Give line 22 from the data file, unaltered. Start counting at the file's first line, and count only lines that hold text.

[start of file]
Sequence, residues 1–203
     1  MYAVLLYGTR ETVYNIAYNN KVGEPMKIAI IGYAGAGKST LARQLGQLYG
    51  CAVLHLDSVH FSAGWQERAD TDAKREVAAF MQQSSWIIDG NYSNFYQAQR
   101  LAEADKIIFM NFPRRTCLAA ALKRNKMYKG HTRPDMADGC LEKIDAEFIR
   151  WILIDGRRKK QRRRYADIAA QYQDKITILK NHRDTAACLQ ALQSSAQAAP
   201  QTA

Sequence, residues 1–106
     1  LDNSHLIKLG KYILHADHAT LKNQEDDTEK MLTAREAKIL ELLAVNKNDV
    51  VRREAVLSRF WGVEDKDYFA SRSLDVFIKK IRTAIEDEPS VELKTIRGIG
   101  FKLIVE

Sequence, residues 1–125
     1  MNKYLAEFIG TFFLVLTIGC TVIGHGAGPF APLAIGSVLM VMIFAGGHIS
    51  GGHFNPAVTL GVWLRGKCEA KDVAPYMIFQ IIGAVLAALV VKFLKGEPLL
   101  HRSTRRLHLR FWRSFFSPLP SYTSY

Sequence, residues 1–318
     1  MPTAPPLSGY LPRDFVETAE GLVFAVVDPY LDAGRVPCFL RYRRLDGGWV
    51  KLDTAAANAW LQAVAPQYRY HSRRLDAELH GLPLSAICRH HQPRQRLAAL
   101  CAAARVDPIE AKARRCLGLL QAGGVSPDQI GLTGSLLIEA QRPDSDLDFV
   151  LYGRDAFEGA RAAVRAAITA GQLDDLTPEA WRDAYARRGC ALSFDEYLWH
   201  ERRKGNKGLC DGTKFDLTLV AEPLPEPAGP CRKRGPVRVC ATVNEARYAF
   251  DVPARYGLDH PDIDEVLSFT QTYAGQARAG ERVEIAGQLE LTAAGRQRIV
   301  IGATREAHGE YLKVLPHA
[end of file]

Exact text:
   301  IGATREAHGE YLKVLPHA